The Bard of Bal Harbour
Updated: Mar 7
"Why would someone want to read about my life? I’m not a celebrity.” Peter Weisz, the owner of Palm Beach-based Peter Weisz Publishing, says he gets that question a lot.
“I answer that question Jewish-style. With another question,” he says. “If I could somehow magically produce a memoir book written by your grandmother, would you want to read it?” The answer is always “Definitely.” Of course, the means for her to easily write her life story were not available back then. But, they are today.
Since 2000, Peter has been assisting non-celebrities in not only authoring, but also in designing, publishing and promoting their personal histories. He has produced more than two dozen such memoirs over the years and a surprising number of them have been in behalf of Bal Harbour residents.
“Not that surprising when you think about it,” Peter points out. “People who move to this community are, for the most part, men and women of accomplishment. They come here at a point when their professional lives are behind them. They have the time and the means to reflect on what they wish to leave behind for the next generation.”
Values Over Valuables
Peter speaks often to his clients about placing “Values over Valuables.” This means creating a legacy that is more meaningful than merely assets and trust accounts. A memoir book, he points out, is perhaps the best way to transmit a family’s history and its essential ethos from one generation to the next. He calls it “Creating a literary legacy.”
“I have produced books for clients all over the country, but for some reason, there seems to be a concentration of interest here in South Florida and especially in Bal Harbour.” Besides their Florida addresses, Peter’s clients represent a diverse cross-section from all walks of life.
“Among my Bal Harbour clients, I’ve produced several books for Holocaust survivors,” he says. “Two of the five have been biographies of women.” Peter’s clients include members of the financial industry, higher education figures, attorneys, doctors and business leaders.
The Name Game
Asked about whether his name appears on the cover of the book, he states that this is a decision entirely up to the client.
“Sometimes it will list the client’s name as the book’s author followed by “with Peter Weisz.” Other times, I’m a complete ghost and my name is nowhere to be found. It’s up to you.”
Peter’s work style is pretty straightforward. He will typically schedule a series of one-on-one interviews—either in person or remotely—with the client and friends, family and associates. He will then take that material and use it as a basis for his extensive research into the client’s profession, family history, etc. Such components as the book’s cover art, a photo section, a family tree, a timeline, an introduction, etc. are produced and, at the end of the day, he will present a publication-ready manuscript to the client for approval. The final step is professional proofreading before the book is printed.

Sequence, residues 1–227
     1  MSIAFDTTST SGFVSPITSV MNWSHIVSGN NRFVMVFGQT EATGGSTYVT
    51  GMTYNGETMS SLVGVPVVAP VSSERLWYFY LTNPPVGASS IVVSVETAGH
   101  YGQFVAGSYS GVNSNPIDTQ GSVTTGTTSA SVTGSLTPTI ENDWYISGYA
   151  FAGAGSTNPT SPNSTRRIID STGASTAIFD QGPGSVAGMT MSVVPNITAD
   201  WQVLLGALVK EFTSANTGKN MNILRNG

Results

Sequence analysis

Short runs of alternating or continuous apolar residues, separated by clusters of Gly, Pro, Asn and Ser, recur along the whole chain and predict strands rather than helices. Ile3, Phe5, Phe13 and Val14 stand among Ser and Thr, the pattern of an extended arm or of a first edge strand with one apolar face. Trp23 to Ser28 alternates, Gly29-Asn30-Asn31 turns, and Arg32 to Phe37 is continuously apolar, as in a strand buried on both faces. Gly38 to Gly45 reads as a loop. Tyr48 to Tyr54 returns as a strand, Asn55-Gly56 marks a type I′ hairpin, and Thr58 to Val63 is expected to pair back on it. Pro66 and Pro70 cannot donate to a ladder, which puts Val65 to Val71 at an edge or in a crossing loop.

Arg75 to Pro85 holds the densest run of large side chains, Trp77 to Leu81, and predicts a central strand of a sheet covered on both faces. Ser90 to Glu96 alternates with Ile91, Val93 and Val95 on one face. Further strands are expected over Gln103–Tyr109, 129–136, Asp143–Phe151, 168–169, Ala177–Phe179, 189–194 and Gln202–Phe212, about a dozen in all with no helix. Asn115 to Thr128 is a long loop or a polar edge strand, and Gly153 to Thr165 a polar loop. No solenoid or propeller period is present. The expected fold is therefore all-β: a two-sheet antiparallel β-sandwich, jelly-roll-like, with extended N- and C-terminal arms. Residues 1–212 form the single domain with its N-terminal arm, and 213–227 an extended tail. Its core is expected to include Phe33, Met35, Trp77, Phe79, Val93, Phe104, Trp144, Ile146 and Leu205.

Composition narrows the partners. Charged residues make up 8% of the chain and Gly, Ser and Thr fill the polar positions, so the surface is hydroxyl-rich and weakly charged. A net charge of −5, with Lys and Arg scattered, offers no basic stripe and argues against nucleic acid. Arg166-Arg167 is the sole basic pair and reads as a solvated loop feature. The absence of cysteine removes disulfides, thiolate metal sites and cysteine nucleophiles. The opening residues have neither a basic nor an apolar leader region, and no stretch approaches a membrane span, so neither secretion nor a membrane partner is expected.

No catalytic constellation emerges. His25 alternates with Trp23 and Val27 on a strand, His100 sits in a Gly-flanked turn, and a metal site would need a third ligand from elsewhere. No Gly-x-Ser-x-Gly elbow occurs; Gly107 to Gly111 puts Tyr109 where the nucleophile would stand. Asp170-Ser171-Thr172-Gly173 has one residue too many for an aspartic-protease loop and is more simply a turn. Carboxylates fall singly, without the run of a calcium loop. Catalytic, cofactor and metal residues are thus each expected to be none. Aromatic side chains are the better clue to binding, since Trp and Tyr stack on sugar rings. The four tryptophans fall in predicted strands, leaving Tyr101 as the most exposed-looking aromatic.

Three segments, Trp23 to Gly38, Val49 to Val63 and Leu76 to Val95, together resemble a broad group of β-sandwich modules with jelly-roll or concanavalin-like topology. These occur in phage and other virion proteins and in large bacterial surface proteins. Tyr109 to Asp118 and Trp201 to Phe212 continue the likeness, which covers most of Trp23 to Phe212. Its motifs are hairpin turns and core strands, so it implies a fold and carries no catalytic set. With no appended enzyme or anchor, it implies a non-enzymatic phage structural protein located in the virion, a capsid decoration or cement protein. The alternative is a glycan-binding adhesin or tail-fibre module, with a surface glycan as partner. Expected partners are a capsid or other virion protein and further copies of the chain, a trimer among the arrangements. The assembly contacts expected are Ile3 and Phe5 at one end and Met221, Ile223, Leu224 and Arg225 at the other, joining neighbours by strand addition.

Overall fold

Roll The Presses
So how is the book produced and distributed?
There are two options. One is the traditional method of selling the rights to the book to a commercial publisher. This is difficult for a first-time author without much name recognition. Hence, Peter typically advises his clients to go the self-publishing route. He helps them to connect with an online P.O.D. (Print On Demand) provider. In this way, the client need only purchase the number of books needed. It also makes the book available for sale globally at both online (Amazon.com) and at retail bookstores. Sending copies of the finished book to friends and family is also made much easier by using one of these services.
Online publishers also allow the author to select between hardcover and softcover versions and allow them to customize their books in terms of color, paper quality and the like.
“And the production quality these days is outstanding,” Peter points out. “It’s impossible to tell the difference between a self-published book and one produced by a commercial publishing house.”
P.O.D. publishers also provide an easy method of producing an eBook or Kindle version.
Literary Luxury Item?
What about the cost?
Creating a lasting hardbound testimony of one’s life is certainly not something that’s within everyone’s budget. But, when considering the amount of man-hours needed to author and produce say, an 80,000 word, 300-page book, the costs of such a project become understandable.
“There’s no standard rate,” Peter advises. “It depends on what the client has already prepared and what they wish to see created. And that varies greatly. In most cases, the total investment is in the same ballpark as the cost of a new car.”
Peter meets with clients initially at some length to learn something about the person’s personal story and also what they envision as the scope of the book and who they see as their readership. Once these parameters have been laid out, Peter is able to provide the client with a turnkey price for the project.
A Bibliography of Benefits